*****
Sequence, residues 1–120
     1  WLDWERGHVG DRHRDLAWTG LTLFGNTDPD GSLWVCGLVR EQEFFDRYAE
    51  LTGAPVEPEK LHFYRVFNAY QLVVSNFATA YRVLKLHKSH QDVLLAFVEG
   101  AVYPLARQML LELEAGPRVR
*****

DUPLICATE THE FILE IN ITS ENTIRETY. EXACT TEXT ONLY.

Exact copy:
Sequence, residues 1–120
     1  WLDWERGHVG DRHRDLAWTG LTLFGNTDPD GSLWVCGLVR EQEFFDRYAE
    51  LTGAPVEPEK LHFYRVFNAY QLVVSNFATA YRVLKLHKSH QDVLLAFVEG
   101  AVYPLARQML LELEAGPRVR